* UK Met Office warns of below zero temperatures
* Asian LNG prices make UK deliveries unattractive
Jan 10 (Reuters) - British gas prices rose on Tuesday morning on forecasts of a cold snap and fears prices will need to climb much higher to attract LNG deliveries if the cold weather continues.
The within-day gas contract was up by 2.5 pence, or 5 percent, at 52.75 pence per therm at 0954 GMT. Gas for day-ahead delivery rose by 2.1 pence to 52.90 pence per therm.
Traders said cold weather forecasts had pushed prompt prices higher despite oversupply in the system, while fears of an extended cold snap also moved the front-month contract higher.
Britain’s Met Office forecast daytime temperatures could be around 2-5 degrees Celsius from the middle of the week, with below zero temperatures towards the weekend.
Home heating accounts for 40 percent of Britain’s gas use, meaning cold temperatures can have a big impact on the market.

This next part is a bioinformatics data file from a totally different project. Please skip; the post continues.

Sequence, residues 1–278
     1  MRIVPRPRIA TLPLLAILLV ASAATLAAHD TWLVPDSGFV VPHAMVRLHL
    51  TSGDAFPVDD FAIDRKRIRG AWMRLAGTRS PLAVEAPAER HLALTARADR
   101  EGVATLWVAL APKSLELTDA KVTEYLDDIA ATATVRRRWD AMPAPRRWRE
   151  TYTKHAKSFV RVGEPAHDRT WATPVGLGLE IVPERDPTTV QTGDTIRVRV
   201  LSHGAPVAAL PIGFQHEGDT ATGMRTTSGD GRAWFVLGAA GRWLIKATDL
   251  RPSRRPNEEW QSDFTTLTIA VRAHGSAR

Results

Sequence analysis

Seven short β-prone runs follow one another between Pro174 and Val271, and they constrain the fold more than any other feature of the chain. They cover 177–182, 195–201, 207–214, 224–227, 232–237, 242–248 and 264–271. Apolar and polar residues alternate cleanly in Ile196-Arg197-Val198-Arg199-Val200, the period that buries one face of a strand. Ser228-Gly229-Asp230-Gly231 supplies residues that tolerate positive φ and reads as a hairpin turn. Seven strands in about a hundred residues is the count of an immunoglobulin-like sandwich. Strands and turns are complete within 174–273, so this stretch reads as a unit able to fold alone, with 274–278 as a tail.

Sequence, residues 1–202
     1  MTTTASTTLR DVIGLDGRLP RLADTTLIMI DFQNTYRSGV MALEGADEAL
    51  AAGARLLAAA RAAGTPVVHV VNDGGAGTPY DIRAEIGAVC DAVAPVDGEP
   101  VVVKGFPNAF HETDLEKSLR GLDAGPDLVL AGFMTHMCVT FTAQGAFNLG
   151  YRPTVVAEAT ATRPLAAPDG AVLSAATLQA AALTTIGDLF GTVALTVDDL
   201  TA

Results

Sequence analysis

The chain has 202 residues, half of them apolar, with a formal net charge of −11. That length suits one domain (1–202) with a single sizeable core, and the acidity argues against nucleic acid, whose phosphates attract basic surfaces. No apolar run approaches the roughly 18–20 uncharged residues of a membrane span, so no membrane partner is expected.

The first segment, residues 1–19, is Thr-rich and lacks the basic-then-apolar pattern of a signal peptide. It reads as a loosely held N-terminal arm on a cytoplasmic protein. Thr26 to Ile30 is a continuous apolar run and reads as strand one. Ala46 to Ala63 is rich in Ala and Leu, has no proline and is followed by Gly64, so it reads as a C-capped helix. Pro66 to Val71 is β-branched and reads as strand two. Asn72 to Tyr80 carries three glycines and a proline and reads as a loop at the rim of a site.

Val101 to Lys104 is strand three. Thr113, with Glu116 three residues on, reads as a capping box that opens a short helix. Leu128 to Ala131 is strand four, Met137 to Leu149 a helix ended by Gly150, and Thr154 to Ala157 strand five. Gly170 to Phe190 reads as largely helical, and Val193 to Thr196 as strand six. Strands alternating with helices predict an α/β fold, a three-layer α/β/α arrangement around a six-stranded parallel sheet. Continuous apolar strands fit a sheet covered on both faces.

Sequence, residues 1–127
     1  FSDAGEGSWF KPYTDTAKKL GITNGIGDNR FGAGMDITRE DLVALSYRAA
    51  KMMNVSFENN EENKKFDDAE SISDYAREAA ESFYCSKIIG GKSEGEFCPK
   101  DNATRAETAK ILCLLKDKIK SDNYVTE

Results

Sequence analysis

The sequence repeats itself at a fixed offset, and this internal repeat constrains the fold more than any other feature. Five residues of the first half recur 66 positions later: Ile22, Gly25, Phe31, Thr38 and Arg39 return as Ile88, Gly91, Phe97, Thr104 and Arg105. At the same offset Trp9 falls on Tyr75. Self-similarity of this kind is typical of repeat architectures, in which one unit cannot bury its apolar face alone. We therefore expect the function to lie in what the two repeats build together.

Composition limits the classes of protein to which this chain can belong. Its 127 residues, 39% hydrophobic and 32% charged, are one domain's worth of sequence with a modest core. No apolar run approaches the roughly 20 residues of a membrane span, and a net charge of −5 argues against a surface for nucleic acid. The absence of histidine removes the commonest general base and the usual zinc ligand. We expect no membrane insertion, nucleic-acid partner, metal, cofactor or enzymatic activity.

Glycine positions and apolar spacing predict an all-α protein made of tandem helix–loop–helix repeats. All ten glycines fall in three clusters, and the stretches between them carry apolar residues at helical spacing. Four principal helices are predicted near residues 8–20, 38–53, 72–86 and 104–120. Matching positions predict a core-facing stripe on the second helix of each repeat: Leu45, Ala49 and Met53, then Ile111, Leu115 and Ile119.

One trader said the wide spread between Asian liquefied natural gas (LNG) and British gas prices meant it would be hard for Britain to attract new deliveries of LNG if the cold snap continued and more supplies were needed.
“If storage stocks run down, and we need to attract LNG, the price is around 10 euros higher,” he said.
The British February gas contract rose 2.51 pence to 54.40 p/therm.
Asian LNG prices for February delivery LNG-AS have risen to almost $10/mmBtu due to strong winter demand in Asia’s northern hemisphere and supply outages.
Further out on the curve, the British Summer 2017 contract rose 1.19 pence to 46.55 p/therm, while the Winter 2017 contract gained 1.1 pence to 51.40 p/therm
In the Netherlands, the day-ahead gas price at the TTF hub rose by 0.68 euro to 19.88 euros per megawatt hour (MWh).
In the European carbon market, the benchmark contract rose by 0.28 euro to 5.56 euros a tonne. (Reporting by Susanna Twidale; Editing by Mark Potter)